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Get ready for exertainment

My first encounter with "exertainment?" It's gotta be when the StairMaster went from the revolving stairs model to the stepper model with the LED display. Using the display the StairMaster allowed you to see the hills you were climbing or even enter a kind of race mode. Lame? Sure, but it was something to keep you a little more engaged. The alternative? Staring at the hanging TVs and watching CNN, which clearly only detracts from the goal at hand. Now, one of the stair climbers was made by Bally, and being an arcade game junkie from the early 80s I could only dream of where the exercise/gaming marriage could go.

Well, check out the Cardio Playzone at CES this year:

Fitness today means high-intensity products and technologies that entertain us while we’re getting a maximum cardio workout. They’re the products that count calories burned or speed. They help increase/decrease intensity levels, feature videos or play music that make a killer workout fun. If you manufacture products that entertain end users—while they increase their heart rate and burn calories—then consider featuring it in the Cardio PlayZone at the 2005 International CES.

Now we're talking -- workout equipment that engages the mind and the body. You'll notice Konami on the list, and if you aren't familiar with this company they are behind the Dance Dance Revolution games (among other things). If you haven't heard of Dance Dance Revolution (which I believe Kathy mentioned in a previous post), it's a deceivingly simple game where you follow arrows on screen that direct your movements on a dance mat (a PS2 or Xbox is also required).
The dance mat itself is cleverly just a controller for the game console. This game has been wildly successful in the arcades and in the home and has many documented cases of (what I'd call life saving) weight loss by many people. Check out http://www.getupmove.com/ for more.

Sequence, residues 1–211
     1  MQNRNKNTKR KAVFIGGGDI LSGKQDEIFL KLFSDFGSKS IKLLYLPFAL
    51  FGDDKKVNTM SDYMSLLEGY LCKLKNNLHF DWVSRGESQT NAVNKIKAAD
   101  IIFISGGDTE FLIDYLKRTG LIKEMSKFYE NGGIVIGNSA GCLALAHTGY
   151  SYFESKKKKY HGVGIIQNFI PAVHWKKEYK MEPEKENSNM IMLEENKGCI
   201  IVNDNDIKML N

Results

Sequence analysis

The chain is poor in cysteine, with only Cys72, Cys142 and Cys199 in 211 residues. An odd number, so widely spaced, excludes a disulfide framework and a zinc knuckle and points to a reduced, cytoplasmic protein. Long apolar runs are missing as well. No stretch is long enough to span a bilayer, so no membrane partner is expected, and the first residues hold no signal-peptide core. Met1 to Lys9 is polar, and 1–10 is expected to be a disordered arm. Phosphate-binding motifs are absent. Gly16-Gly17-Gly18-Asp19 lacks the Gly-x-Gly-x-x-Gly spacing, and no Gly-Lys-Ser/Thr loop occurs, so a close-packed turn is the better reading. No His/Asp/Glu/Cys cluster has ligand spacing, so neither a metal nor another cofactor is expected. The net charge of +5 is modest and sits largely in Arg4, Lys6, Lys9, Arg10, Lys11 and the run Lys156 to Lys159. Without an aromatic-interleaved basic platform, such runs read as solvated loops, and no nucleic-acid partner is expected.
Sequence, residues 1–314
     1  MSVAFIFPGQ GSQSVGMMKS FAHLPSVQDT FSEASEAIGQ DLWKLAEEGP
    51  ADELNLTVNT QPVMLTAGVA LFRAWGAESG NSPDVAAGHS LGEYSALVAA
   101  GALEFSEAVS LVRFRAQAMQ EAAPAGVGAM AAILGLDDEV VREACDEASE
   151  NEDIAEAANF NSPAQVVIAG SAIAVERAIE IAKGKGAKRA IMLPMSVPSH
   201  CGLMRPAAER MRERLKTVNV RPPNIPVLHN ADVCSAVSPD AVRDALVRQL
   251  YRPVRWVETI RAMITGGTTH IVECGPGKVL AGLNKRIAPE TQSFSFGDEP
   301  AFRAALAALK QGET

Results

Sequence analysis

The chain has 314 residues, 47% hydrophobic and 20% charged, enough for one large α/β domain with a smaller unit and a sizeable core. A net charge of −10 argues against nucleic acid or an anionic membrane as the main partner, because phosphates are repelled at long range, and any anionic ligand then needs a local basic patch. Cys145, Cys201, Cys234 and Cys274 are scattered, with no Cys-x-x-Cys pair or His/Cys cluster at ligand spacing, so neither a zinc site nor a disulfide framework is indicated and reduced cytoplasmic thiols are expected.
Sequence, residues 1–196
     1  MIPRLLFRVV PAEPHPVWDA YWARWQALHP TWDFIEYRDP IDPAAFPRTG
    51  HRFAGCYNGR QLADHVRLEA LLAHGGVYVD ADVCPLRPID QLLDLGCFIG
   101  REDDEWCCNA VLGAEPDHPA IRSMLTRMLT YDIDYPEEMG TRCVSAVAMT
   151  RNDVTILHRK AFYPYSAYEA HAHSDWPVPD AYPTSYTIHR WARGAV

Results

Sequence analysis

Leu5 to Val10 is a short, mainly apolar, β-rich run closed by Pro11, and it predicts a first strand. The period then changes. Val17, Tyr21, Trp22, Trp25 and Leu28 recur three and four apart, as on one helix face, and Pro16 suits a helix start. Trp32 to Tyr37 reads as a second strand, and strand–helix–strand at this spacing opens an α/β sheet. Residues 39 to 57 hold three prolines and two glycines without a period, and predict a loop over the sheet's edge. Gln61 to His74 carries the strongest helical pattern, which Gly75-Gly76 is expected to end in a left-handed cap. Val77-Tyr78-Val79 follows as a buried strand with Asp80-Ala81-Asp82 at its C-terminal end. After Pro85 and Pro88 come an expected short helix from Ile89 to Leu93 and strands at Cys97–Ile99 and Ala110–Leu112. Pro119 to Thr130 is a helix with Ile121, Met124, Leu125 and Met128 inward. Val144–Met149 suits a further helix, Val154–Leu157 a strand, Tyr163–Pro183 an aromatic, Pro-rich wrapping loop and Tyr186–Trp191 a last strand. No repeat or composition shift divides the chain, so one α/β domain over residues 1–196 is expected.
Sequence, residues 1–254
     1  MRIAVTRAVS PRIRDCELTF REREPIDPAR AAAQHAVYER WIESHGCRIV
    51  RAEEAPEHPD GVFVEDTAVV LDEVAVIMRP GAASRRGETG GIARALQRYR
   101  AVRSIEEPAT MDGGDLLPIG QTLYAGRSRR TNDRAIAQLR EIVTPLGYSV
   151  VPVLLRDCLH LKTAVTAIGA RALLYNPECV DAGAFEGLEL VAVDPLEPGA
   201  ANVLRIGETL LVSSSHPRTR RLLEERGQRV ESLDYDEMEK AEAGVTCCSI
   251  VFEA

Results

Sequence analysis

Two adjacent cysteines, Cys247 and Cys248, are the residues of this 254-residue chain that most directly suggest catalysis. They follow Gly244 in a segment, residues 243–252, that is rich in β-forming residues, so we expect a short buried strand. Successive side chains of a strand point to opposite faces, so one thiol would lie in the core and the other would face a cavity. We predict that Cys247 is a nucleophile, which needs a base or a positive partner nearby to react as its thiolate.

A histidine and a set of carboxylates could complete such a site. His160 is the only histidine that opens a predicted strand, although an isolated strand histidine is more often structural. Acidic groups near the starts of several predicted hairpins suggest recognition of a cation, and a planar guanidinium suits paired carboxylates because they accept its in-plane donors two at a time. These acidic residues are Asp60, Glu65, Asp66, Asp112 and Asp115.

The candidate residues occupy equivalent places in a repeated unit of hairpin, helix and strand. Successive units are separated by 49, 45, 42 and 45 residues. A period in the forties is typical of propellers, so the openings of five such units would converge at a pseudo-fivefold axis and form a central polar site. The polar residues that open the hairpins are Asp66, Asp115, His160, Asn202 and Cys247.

Another company, Powergrid Fitness, has designed an isometric strength device as a game controller. The idea is that you do your isometric exercises as you control existing video action games (cars, tanks, etc.).

The list wouldn't be complete without a golf game. Electric Spin has created a USB controller that allows you to swing a real club and hit a simulated golf ball. The system works with Tiger Wood's 2004 PGA game. While it is a cool concept, it is hard for me to see how this really qualifies as exercise, other than being able to work on your swing. I guess if it gets people off the couch, it's a step in the right direction.

Clearly we're in the early adopter phase of exertainment, however I tend to think the aerobic types of activities are going to be the winners in this space. I've never personally felt like I needed a game to get through a strength set of exercises. However, with aerobics, boredom easily sets in (unless you can mountain bike every day) and games like Dance Dance Revolution have the additional benefit of teaching you a heck of a lot of timing and coordination. Also, it's not all about playing a typical video game and controlling it via some exercise apperatus. There are lots of metrics that can be used to drive games from heart rate, skin conductance, and so on. In fact, in the next day or so I'll introduce a totally different kind of computer mind/body game that is a little on the edge....

Posted by Eric Freeman on January 11, 2005 | Permalink

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